As the two travelers make their way toward Dictionopolis, the watchdog apologizes for his gruff behavior and explains that people expect watchdogs to be ferocious. He introduces himself as Tock and launches into a speech about the value of time and the importance of the watchdog's role in preserving it as he and Milo approach the gates of Dictionopolis.
Once inside, Milo and Tock discover that it is market day in the city, and the square is filled with merchants selling all sorts of words and letters. They meet the five royal advisors, who have the curious habit of repeating each other in synonyms and randomly defining some of the words each other use. The advisors explain the function of the word market in a dizzyingly complicated fashion, leaving poor Milo as lost as when he first entered the city. "I never knew words could be so confusing," he tells Tock. "Only when you use a lot to say a little," the watchdog replies.
Milo and Tock explore the word market, looking over shelves full of everyday words and fancy-sounding words (which are so expensive Milo cannot afford even one) and jars filled only with letters. Milo samples an A and finds that it tastes "sweet and delicious—just the way you'd expect an A to taste."
As Milo and the shopkeeper talk about the construction of words, the buzzing of a giant bee surprises them. The Spelling Bee tells them not to be alarmed and then spells the word "alarmed" for them. The insect claims that he can spell almost any word and proves it by taking challenges. When Milo expresses his amazement at this skill, another insect, this one looking more like a beetle, trots over and pronounces it "BALDERDASH!"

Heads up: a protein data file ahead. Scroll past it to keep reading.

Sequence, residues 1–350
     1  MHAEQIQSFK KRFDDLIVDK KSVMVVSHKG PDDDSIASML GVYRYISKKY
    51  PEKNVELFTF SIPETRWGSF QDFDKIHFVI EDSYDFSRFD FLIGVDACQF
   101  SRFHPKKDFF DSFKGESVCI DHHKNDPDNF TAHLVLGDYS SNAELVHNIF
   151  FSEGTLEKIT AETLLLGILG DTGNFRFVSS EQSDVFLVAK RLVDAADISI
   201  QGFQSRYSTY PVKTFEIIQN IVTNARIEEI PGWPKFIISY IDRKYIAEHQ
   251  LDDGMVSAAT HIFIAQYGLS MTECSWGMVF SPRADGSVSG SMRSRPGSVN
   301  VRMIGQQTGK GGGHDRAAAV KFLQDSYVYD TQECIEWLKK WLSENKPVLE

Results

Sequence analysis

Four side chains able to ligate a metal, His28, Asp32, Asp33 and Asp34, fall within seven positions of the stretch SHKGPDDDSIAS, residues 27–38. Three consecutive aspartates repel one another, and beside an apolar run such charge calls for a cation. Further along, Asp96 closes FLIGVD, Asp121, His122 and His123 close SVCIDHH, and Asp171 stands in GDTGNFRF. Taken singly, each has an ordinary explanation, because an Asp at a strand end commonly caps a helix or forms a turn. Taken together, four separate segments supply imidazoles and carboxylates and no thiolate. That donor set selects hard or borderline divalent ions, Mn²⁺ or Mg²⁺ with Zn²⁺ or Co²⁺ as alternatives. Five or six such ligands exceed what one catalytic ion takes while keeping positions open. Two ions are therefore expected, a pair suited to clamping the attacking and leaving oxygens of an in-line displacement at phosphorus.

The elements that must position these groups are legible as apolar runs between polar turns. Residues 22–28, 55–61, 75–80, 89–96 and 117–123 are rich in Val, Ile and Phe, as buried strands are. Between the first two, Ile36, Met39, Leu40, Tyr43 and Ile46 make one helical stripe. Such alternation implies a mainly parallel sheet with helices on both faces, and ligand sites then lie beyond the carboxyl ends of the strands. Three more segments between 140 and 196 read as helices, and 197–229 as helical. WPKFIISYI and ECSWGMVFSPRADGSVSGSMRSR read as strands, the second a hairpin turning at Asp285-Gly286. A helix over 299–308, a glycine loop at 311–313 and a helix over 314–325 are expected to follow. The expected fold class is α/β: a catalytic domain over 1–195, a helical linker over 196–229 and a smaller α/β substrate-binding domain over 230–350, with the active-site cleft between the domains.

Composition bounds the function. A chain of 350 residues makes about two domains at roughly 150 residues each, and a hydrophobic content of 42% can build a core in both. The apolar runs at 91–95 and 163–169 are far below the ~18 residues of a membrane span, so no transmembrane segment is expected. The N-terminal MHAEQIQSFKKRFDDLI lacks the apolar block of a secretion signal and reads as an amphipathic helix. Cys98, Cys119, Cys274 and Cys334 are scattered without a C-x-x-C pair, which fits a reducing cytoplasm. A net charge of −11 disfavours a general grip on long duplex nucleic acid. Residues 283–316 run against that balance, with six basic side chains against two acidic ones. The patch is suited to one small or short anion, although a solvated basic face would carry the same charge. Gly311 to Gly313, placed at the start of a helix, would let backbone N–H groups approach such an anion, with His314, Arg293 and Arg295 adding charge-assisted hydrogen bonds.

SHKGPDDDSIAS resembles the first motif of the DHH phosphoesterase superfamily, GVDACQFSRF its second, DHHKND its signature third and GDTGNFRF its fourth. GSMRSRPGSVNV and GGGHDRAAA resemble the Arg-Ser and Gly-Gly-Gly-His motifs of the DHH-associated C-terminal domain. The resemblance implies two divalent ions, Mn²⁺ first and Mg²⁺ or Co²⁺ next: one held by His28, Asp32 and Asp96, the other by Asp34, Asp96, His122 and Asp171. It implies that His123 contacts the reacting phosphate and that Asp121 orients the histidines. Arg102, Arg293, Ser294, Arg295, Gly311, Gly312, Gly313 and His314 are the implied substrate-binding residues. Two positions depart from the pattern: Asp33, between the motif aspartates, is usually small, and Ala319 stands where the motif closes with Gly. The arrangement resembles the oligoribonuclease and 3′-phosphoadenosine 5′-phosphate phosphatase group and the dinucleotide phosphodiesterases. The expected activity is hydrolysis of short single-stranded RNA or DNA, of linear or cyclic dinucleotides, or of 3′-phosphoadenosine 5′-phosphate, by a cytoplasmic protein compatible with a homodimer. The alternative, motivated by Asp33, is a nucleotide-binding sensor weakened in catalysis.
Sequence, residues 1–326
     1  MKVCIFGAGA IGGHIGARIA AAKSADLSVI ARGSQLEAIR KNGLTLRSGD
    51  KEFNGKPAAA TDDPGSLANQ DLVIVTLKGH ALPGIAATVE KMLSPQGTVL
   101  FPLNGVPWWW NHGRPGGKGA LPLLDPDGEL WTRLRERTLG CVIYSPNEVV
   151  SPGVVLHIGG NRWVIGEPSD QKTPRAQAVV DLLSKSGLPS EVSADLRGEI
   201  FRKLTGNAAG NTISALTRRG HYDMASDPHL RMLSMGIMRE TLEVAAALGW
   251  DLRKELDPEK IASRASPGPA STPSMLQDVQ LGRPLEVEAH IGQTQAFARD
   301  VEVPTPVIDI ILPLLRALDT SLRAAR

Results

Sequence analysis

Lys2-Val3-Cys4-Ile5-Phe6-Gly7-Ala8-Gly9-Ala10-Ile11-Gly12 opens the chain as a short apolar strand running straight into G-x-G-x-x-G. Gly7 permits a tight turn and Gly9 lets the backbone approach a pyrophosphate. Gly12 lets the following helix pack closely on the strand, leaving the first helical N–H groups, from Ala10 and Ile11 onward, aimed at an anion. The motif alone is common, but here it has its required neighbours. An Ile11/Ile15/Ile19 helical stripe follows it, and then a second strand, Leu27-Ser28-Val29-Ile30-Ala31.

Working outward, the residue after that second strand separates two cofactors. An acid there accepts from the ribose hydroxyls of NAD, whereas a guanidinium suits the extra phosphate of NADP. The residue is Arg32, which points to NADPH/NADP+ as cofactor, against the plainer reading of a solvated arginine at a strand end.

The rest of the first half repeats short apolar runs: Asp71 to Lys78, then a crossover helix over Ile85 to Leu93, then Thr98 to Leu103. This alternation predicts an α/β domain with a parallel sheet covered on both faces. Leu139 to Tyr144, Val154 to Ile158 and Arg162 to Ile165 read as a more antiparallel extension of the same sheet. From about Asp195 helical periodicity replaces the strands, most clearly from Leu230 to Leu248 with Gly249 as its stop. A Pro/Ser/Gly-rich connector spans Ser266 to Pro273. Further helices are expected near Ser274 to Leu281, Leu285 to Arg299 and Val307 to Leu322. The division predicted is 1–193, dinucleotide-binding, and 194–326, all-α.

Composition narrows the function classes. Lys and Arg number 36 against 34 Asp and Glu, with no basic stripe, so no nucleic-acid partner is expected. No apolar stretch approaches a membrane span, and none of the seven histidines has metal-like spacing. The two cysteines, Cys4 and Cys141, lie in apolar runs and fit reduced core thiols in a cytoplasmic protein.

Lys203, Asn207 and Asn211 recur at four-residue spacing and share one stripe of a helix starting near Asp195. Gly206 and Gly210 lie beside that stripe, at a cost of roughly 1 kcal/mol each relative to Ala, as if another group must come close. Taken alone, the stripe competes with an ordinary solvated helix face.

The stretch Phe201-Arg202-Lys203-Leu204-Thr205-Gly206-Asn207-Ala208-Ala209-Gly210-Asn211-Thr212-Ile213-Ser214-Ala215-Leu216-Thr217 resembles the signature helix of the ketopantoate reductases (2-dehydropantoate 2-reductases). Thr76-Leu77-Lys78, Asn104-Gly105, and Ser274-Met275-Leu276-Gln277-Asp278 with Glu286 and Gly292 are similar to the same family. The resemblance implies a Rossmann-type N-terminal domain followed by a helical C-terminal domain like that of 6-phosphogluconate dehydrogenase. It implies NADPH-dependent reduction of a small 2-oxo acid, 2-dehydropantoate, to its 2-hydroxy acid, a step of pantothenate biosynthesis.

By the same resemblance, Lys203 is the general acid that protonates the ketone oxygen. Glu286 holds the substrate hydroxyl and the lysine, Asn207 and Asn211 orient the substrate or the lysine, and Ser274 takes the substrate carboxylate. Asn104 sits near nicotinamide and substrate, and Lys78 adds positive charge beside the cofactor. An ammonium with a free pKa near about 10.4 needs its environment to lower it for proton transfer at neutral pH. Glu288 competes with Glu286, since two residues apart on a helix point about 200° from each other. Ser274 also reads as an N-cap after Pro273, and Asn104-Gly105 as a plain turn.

Dodging swings of the grumpy beetle's cane, the Spelling Bee introduces him as the Humbug, "a very dislikeable fellow." The two giant insects begin an argument and things go from bad to worse when the Spelling Bee knocks the Humbug's hat off his head and the Humbug begins swinging wildly with his cane, knocking one stall into another and causing the whole marketplace to collapse like dominoes.
When the dust from the Humbug's disastrous clumsiness settles, the merchants begin hollering in mixed-up nonsense because all of their words have become jumbled. Eventually, they right the stalls and sweep up the spilled words, finishing up just as Officer Shrift arrives on the scene. Milo is surprised by how short the policeman is, noticing that he is twice as wide as he is tall.